Some indigenous Fijians and many of their elected representatives appear to have doubts about the secure protection of their customary rights in fisheries under existing law. Even if the Qoliqoli Bill were to be enacted, questions might remain as to the reality of the purported control by indigenous Fijians of Fiji’s seabed areas and fisheries waters. Even without the enactment of that Bill, however, the position of indigenous Fijians in relation to fisheries would appear to be nowhere near as precarious as that of indigenous Mäori of Aotearoa. The status of Mäori customary rights will always be marginalised so long as Mäori comprise no more than about 15% of the population, so long as the Treaty of Waitangi remains without constitutional protection, and so long as parliamentary sovereignty allows a bare majority of the House of Representatives to enact whatever laws they please.
[∗] Dr Williams is a Professor of Law at the University of Auckland, New Zealand. This article is based on a paper presented by invitation to the Fiji Law Society’s 50th Anniversary Convention at Sigatoka, 28 May 2006.
 The draft of the Qoliqoli Bill supplied to me was Draft 05, dated 7 September 2004. I am aware that there have been further re-drafts of the Bill but they have not been supplied to me and my comments are based on the 2004 version.
 Harry W Arthurs, Without the Law: Administrative Justice and Legal Pluralism in Nineteenth Century England (Toronto, 1985) 3.
 Peter Sack & Elizabeth Minchin (eds), Legal Pluralism (Canberra, 1985).
 W P N Tyler, “Gordon, Arthur Hamilton - 1829 – 1912, Colonial governor”, Dictionary of New Zealand Biography: www.dnzb.govt.nz/dnzb/ (Accessed 5 January 2007).
 Hazel Riseborough, Days of Darkness: Taranaki 1878-1884 (Wellington, 1989).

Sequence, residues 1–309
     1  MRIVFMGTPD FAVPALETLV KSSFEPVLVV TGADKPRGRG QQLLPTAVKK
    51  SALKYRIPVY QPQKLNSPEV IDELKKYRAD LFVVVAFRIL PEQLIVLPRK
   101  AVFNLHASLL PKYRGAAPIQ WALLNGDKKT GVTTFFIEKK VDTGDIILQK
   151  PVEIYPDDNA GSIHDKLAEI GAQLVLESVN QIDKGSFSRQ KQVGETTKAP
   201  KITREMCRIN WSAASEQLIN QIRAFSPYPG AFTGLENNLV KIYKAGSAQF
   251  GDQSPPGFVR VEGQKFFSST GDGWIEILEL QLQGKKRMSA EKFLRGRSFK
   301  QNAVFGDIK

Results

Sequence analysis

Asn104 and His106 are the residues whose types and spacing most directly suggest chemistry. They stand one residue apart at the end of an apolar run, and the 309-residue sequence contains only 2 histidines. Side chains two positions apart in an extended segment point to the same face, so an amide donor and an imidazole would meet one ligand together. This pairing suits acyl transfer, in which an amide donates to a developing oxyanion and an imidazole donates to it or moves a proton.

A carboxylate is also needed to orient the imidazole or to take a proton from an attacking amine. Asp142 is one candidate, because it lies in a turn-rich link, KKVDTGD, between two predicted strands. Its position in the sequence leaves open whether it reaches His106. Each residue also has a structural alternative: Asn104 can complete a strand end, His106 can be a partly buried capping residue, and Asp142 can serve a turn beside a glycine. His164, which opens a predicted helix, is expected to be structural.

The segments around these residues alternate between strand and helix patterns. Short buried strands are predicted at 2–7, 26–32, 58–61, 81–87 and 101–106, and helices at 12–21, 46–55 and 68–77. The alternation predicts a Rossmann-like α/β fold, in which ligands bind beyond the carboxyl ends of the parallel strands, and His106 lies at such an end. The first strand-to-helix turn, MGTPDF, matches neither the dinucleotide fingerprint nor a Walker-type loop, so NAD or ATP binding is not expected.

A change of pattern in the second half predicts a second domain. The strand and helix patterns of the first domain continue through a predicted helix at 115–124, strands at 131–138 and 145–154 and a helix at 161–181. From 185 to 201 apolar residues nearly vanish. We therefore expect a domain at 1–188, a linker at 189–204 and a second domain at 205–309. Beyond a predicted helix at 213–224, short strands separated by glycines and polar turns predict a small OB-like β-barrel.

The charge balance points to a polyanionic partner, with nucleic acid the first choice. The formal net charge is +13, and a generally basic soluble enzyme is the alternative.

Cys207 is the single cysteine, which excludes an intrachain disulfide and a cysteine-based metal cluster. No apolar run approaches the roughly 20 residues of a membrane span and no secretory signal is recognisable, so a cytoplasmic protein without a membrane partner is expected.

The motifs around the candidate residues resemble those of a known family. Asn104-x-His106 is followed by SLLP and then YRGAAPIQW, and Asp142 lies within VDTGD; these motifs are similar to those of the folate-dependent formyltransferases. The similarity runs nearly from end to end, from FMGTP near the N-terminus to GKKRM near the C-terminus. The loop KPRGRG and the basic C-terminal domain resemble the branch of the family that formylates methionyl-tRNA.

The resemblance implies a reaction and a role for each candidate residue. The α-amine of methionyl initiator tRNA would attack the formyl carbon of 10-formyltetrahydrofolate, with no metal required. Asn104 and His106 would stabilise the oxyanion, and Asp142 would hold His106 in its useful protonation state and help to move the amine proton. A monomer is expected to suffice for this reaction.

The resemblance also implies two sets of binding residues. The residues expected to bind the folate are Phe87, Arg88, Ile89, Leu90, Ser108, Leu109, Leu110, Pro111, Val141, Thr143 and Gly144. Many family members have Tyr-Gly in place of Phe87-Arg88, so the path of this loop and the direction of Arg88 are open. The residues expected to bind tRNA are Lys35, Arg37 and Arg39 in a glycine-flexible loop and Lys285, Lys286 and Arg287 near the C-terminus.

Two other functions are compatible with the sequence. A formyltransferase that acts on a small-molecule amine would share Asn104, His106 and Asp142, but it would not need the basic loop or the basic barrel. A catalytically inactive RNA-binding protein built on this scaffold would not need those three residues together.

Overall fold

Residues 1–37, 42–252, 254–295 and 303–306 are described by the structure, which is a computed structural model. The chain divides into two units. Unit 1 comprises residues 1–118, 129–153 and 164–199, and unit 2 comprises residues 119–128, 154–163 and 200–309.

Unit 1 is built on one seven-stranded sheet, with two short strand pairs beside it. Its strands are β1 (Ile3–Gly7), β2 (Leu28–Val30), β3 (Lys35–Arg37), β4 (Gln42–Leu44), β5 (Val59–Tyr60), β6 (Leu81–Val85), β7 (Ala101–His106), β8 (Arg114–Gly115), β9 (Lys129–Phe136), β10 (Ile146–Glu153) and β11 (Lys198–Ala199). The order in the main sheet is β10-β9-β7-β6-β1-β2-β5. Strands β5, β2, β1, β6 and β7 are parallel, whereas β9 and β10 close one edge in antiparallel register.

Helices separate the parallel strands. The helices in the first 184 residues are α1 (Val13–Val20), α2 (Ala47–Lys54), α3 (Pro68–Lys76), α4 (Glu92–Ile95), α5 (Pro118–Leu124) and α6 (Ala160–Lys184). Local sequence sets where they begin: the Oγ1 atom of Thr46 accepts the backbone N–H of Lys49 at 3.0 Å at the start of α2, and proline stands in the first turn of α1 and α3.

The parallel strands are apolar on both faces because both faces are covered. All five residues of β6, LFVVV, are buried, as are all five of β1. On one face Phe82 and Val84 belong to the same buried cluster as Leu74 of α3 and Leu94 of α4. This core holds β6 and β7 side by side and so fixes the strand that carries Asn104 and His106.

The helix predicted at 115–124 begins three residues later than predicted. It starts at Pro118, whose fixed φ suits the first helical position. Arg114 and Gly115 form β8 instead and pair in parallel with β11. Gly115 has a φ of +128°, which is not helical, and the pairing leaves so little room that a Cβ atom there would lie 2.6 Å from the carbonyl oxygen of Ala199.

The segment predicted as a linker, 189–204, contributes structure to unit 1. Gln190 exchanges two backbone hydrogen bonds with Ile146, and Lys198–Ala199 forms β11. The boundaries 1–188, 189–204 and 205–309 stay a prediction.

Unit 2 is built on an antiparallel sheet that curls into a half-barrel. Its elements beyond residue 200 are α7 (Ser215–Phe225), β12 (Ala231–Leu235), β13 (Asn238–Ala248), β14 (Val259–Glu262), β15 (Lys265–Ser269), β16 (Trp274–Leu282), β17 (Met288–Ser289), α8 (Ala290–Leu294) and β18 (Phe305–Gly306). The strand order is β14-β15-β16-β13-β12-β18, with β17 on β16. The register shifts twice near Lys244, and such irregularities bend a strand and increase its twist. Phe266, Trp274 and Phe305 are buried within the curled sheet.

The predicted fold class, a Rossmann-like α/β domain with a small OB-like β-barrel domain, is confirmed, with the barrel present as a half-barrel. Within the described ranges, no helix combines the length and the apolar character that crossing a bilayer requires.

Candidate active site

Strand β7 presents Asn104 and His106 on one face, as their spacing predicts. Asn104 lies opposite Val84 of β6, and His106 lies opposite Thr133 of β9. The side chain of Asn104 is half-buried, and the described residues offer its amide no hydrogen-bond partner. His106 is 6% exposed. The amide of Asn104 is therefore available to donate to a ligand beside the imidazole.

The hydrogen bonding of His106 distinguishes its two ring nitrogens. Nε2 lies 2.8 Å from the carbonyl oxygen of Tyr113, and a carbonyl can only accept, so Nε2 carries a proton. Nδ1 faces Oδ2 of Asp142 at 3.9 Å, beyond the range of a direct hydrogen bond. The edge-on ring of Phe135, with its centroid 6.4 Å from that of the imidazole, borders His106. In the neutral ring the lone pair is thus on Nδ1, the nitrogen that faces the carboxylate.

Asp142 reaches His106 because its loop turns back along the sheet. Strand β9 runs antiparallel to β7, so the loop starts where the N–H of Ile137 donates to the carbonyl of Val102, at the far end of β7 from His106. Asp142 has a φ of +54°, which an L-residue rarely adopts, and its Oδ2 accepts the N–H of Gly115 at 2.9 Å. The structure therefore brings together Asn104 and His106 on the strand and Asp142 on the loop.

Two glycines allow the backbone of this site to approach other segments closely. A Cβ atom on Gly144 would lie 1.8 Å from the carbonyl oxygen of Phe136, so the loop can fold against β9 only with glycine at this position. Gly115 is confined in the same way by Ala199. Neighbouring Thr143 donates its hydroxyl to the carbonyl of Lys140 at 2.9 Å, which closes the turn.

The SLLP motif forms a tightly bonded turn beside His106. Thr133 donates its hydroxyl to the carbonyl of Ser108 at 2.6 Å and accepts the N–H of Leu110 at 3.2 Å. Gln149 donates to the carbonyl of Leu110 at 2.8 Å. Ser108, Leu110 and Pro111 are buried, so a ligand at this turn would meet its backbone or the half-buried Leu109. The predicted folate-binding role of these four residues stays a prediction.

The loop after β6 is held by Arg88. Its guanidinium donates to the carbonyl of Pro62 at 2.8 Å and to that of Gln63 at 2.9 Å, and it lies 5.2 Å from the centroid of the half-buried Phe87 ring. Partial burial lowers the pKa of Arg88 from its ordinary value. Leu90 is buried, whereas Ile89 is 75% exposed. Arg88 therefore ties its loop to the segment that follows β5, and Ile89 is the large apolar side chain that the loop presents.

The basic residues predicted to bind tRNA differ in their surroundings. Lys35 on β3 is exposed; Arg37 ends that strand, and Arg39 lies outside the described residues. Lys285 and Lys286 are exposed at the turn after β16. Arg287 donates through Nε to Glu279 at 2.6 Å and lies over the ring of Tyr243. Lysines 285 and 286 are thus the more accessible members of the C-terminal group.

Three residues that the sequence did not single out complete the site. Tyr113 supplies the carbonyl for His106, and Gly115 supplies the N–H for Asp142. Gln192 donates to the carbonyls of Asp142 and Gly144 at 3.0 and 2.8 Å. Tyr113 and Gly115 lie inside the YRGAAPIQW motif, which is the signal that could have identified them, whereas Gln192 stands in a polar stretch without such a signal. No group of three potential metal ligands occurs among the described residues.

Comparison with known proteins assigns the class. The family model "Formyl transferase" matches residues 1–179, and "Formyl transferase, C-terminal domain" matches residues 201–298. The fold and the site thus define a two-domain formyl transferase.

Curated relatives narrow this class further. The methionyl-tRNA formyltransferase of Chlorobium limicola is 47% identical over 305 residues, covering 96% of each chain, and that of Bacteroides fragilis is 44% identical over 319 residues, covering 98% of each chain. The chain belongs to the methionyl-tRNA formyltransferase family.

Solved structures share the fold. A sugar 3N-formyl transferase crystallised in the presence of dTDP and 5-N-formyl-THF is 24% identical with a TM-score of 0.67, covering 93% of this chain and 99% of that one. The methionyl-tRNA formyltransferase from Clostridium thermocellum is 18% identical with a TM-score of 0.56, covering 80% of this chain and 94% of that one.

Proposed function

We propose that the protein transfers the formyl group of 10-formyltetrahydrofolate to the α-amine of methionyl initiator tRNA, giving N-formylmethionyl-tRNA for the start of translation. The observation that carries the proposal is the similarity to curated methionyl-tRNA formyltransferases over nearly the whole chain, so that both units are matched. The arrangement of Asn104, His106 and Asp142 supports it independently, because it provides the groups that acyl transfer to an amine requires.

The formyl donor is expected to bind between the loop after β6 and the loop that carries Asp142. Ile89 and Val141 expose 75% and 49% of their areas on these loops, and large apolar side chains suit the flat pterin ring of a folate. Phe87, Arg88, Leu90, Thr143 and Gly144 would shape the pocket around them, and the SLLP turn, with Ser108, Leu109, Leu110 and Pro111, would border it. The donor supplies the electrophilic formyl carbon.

Towards a United Future: Report of the Fiji Constitutional Review Commission, Parliamentary Paper No. 34 (1996).
 Waitangi Tribunal, The Taranaki Report: Kaupapa Tuatahi (Wellington, 1996).
 Taufa Vakatale, ‘Multiculturalism vs Indigenous Cultural Rights’ in Margaret Wilson & Paul Hunt (eds) Culture, Rights, and Cultural Rights: Perspectives from the South Pacific (Wellington, 2000) 79.
 David Williams, ‘Unique Treaty-based Relationships Remain Elusive’ in Michael Belgrave, Merata Kawharu & David Williams (eds), Waitangi Revisited (Melbourne, 2005) 369-370.
 Mere Pulea, ‘Customary Law and the Management of the Environment in the Pacific Islands’ in Sack & Minchin, above n 3, 164-5.
 Eric Hobsbawm & Terence Ranger (eds), The Invention of Tradition (Cambridge, 1992).
 Tony Chapelle, ‘Customary Land Tenure in Fiji: Old Truths and Middle- Aged Myths’: cow.vanuatu.usp.ac.fj/courses/LA300_Property_Law_1/Readings/ (Accessed 5 January 2007).
 David Williams, ‘The Recognition of “Native Custom” in Tanganyika and New Zealand – Legal Pluralism or Monocultural Imposition?’ in Sack & Minchin, above n 3, 145.
 P de Deckker & J-Y Faberon (eds) Custom and the Law (Canberra, 2001) 14-15.
 Office of Treaty Settlements Healing the past, building a future (2nd ed) (Wellington, 2002), 32.
 Ron Crocombe & Malama Meleisea (eds), Land Issues in the Pacific (Suva, 1994) 3-16.
 John Overton, ‘Land Tenure and Cash Cropping in Fiji’ in Crocombe & Meleisa, above n 15, 121, 129.
 Norman Smith, Maori Land Law (Wellington, 1960).
 David Williams, ‘Te Kooti tango whenua’: The Native Land Court 1864-1909 (Wellington, 1999).
 New Zealand Law Commission, Mäori Custom and Values in New Zealand Law, Study Paper 9 (Wellington, 2001) 3-4.
 New Zealand Law Commission, above n 19, 95-6.
 Waitangi Tribunal, Muriwhenua Fishing Claim Report (Wellington, 1988); Waitangi Tribunal, Ngai Tahu Sea Fisheries Report (Wellington, 1992).